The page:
Shame brought their pasty white English skin into the blazing sunlight and electrified the Blue Stage crowd. Definitely the surprise band of the weekend for me, and while it’s easy to bring a high dose of energy on stage (cf. bass player Josh Finerty who played and/or fought with his instrument like he was wrestling an electrified anaconda, and singer Charlie Steen decided to take a quick ride on the outstretched hands of the crowd), they also brought smart and catchy songs along with them. Check out “One Rizla” if you are curious.
The changes to the Arena Stage was probably best tweak to the event. The reconfiguration meant it could accommodate more people, coming and leaving was unobtrusive to the audience, and the programming of music and dance along with the comedians really broadened the spectrum and offered additional choices to an already stacked pile of options. The only downside was the venue acoustics during certain times, and overall crowd noise during Imogen Heap’s talk/performance made it really difficult to hear what she was saying, especially if you weren’t up close.
The festival undercard featured some pretty inspired performances, specifically the hard to categorize and super versatile Cautious Clay, the retro-90s noise rock of local heros Pile, the exhuberant inclusive message and whipsmart choreography of Christine and the Queens, the studied ennui and methodically languid Mitski, and the layered guitar work of Rolling Blackouts Coastal Fever, recalling the halcyon days of Aus/NZ guitar rock. Among the headliners, has anyone ever seen Brandi Carlile flash anything less than a thousand watt smile? She’s infectiously happy, and welcomed all the rock and roll fans to the Blue Stage to close out Sunday. Travis Scott was a commanding act to close out, with just a DJ on an elevated riser to leave him plenty of real estate to prowl, jump and stalk as he slashed out sharp rhymes amid cannon blasts of subwoofer shredding bass.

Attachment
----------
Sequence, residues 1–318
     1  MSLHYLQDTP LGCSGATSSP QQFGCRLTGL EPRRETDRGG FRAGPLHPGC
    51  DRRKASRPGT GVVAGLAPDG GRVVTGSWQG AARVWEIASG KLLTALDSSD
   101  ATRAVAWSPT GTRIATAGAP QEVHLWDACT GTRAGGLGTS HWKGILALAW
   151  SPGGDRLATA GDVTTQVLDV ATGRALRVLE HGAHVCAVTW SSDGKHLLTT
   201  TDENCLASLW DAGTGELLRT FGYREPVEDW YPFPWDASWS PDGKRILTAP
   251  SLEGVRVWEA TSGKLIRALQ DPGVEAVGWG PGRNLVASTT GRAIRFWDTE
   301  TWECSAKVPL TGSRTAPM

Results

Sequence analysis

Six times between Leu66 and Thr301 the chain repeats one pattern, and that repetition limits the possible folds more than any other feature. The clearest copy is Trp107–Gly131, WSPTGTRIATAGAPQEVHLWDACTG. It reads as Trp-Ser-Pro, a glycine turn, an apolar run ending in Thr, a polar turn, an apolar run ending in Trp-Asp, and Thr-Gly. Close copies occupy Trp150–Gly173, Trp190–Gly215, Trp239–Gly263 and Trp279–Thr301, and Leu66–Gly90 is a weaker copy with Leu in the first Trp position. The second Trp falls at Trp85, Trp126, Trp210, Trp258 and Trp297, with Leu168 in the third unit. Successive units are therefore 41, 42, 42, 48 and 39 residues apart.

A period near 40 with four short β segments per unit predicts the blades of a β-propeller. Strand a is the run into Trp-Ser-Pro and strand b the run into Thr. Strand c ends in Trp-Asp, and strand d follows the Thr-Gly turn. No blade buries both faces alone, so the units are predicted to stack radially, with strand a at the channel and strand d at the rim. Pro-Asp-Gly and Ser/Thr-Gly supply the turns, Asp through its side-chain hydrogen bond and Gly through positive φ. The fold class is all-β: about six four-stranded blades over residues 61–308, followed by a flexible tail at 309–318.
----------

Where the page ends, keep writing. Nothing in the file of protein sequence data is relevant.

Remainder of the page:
Has there been a more polarizing rock band in the last 18 months than Greta Van Fleet? Can these kids even keep a straight face when they claim there are no Led Zep similarities? Hey can I copy your homework? Sure but change it a little so it looks different. Dad rockers who last bought a CD in 1999 claim them as the quartet that will save music from the onslaught of hip-hop and electronic music, people who think it can’t be music if there’s no guitar. Meanwhile, the naysayers have some pretty funny opinions of their own – skip down to the comment from M&S Lewer. The whole premise is totally ridiculous, from the tossing of white roses out to the crowd as they got onstage, to their stage wear, but I will say this: if you are gonna lean into every rock cliché possible, at least lean into it as hard as possible, and they don’t fail in that regard.
If there was a medal to be handed out over the weekend, Anderson. Paak would be on one the podiums, probably the tallest. He and the Free Nationals put on an electrifying set, from his entrance on a rising pillar while playing drums, surrounded by a full band in sky blue outfits and flames shooting to the sky. He’s taken the lessons of Stevie Wonder, Curtis Mayfield, Gil-Scott Heron and others to make his own intoxicating brew of soul/R&B/hip-hop/ecstatic jazz. A bit of manufactured hype came midset when last minute special guest Lil Nas X came on to sing his fifteen seconds of fame, but I won’t hold that against Paak. His drumming, singing and command of the band and the stage was remarkable, and if something like “King James” is indicative of where he’s going, I look forward to his next move.
Click on the lead photo of each gallery to see more photos of the event: